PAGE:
The Tory solution is to harness the expertise of the private and voluntary sectors with payments based on how effective they are in keeping people in work, as well as getting them a job in the first place. “By choosing to engage the private and voluntary sectors in the delivery of welfare-to-work services we are opening it up to market forces,” she said in a speech launching the programme.

“By making outcomes central to our system we encourage competition, innovation and creativity within the providers.”

May has won a commitment from shadow chancellor George Osborne to pay for job creation programmes out of savings from the benefit bill. But with so much emphasis being placed by their party on reducing the budget deficit, it will be interesting to see if this actually happens. As with several other areas of employment reform, how far the Conservatives are prepared to go in order to implement this is open to question.

Next week: the plans of the Liberal Democrats and others post-election

What lawyers think of Conservative employment policies

Jane Hobson, partner, Weightmans, is scathing about Tory plans to simplify employment law. “We are not going to go back in time and reduce the amount of protection for individuals. There are ways that things could be made better but to say ‘let’s simplify it’ is a ridiculous statement to make.”

She also suggests there is a “slight contradiction” between simplifying the law and increasing the rights of parents to flexible working. She says small businesses in particular will see this as added regulation and potentially a massive extra cost when coupled with the EU plans to extend fully paid maternity leave to 20 weeks.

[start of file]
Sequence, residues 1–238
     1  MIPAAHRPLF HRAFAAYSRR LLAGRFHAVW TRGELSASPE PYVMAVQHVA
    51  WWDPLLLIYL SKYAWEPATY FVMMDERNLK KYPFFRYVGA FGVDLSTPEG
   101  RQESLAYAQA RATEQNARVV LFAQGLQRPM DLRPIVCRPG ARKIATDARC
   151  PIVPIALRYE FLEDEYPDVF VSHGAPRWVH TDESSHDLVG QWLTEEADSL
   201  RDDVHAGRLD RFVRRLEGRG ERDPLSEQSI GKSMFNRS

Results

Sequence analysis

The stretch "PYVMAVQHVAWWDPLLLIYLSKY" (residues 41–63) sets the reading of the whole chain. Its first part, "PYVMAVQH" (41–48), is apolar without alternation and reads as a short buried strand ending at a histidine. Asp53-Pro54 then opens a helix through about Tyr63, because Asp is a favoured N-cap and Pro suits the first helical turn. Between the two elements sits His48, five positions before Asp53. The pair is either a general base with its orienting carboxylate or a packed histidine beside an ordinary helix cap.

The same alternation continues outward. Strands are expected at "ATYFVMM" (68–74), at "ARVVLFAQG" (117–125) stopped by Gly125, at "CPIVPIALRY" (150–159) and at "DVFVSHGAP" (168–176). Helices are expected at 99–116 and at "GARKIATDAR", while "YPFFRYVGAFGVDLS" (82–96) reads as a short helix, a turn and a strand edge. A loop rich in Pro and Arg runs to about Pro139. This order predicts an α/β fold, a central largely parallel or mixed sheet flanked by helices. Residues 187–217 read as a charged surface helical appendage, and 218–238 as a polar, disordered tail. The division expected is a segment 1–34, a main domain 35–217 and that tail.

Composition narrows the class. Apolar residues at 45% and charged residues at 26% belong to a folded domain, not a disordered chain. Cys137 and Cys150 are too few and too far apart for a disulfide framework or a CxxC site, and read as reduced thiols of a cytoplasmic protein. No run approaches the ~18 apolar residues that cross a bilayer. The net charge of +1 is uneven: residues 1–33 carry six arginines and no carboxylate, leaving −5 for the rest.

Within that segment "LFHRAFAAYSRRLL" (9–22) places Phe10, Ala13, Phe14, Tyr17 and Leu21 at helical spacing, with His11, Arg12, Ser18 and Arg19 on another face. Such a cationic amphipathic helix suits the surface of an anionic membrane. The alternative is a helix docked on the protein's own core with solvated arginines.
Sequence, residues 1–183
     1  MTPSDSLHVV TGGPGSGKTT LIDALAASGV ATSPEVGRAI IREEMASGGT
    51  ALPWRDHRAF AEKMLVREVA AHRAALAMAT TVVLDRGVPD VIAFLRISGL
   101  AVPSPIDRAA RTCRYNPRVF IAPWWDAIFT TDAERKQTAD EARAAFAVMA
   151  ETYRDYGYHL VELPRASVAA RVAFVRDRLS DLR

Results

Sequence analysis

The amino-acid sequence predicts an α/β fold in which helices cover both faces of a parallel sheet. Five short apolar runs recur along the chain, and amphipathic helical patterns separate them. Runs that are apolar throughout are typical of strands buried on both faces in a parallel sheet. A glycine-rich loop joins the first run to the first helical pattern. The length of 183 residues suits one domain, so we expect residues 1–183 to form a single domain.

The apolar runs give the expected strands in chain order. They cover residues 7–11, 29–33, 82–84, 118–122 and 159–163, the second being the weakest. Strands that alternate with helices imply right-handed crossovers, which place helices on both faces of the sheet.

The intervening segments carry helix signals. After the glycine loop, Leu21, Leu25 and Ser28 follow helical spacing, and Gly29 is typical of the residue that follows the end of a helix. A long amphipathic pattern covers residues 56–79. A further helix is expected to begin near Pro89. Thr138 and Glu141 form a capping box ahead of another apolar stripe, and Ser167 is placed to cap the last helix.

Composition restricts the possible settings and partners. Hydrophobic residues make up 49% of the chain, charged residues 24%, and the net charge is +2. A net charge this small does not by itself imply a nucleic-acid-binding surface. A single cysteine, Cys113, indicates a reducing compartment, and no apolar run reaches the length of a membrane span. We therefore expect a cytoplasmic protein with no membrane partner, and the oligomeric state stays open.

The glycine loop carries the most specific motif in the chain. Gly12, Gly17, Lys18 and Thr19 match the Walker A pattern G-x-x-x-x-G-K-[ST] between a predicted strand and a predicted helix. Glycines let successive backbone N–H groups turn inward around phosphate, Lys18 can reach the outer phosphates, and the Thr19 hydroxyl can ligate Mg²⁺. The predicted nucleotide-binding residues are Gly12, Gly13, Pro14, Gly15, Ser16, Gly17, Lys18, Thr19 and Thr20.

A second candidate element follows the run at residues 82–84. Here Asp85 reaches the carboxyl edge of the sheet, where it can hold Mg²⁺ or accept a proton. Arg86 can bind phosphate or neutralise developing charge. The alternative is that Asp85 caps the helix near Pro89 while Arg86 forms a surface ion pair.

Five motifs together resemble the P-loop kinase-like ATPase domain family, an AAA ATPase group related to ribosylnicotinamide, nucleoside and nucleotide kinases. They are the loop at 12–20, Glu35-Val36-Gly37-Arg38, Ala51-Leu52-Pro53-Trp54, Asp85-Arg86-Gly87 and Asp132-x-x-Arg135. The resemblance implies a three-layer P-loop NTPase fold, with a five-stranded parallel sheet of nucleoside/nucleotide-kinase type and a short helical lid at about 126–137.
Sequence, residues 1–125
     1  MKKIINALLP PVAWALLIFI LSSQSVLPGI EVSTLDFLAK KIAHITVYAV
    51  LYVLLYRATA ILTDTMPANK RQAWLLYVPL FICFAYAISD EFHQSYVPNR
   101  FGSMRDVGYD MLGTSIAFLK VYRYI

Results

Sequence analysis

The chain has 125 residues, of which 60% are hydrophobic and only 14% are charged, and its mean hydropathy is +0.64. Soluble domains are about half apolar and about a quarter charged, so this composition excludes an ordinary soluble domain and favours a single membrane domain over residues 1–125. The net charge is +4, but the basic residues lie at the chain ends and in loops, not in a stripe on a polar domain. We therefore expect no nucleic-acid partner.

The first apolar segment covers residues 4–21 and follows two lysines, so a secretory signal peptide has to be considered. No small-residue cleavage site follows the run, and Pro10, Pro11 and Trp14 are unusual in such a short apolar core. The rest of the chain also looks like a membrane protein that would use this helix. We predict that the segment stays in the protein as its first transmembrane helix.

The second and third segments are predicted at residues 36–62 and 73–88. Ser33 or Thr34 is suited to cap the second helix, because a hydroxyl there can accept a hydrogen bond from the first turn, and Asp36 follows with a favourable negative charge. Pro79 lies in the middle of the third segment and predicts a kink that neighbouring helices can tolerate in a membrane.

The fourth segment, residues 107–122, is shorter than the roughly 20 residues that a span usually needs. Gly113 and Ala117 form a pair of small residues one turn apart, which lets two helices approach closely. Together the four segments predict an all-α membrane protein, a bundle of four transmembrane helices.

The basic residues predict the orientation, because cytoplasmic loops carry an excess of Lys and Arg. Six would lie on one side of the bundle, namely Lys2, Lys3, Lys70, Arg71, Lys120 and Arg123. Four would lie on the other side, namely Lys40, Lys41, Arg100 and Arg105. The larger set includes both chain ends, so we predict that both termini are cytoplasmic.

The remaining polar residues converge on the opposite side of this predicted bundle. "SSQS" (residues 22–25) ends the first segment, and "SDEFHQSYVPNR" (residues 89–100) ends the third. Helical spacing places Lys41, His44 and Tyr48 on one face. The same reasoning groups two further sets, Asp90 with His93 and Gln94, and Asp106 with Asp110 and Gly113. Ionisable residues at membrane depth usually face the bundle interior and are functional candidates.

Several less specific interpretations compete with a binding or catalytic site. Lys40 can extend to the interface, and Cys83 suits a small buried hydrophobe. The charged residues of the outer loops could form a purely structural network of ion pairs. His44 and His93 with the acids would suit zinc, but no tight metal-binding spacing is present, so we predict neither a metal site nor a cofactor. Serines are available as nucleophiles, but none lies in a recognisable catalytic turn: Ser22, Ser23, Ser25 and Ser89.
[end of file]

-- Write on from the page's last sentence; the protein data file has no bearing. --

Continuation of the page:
Jonathan Exten-Wright, partner, DLA Piper, argues that because much recent employment law is incorporated into treaties, it would require considerable re-negotiation with EU partners to change it. “Short of withdrawing from Europe, there is little a Conservative government could do to bring about major change,” he says.

Tom Potbury, senior associate in employment law at Pinsent Masons, agrees: “We are just not free to dispose of it whether we like it or not.”

But Catherine Wilson, employment partner at Thomas Eggar, is sympathetic to the Tory aim of reducing litigation about health and safety issues. Tory leader David Cameron says the Conservatives will reduce the burden and impact of health and safety legislation and propose practical changes in the law to bring an end to the culture of excessive litigation.

“They (the Conservatives) say there is no such thing as a risk-free environment,” comments Wilson. “I think that would be a positive benefit to employers.”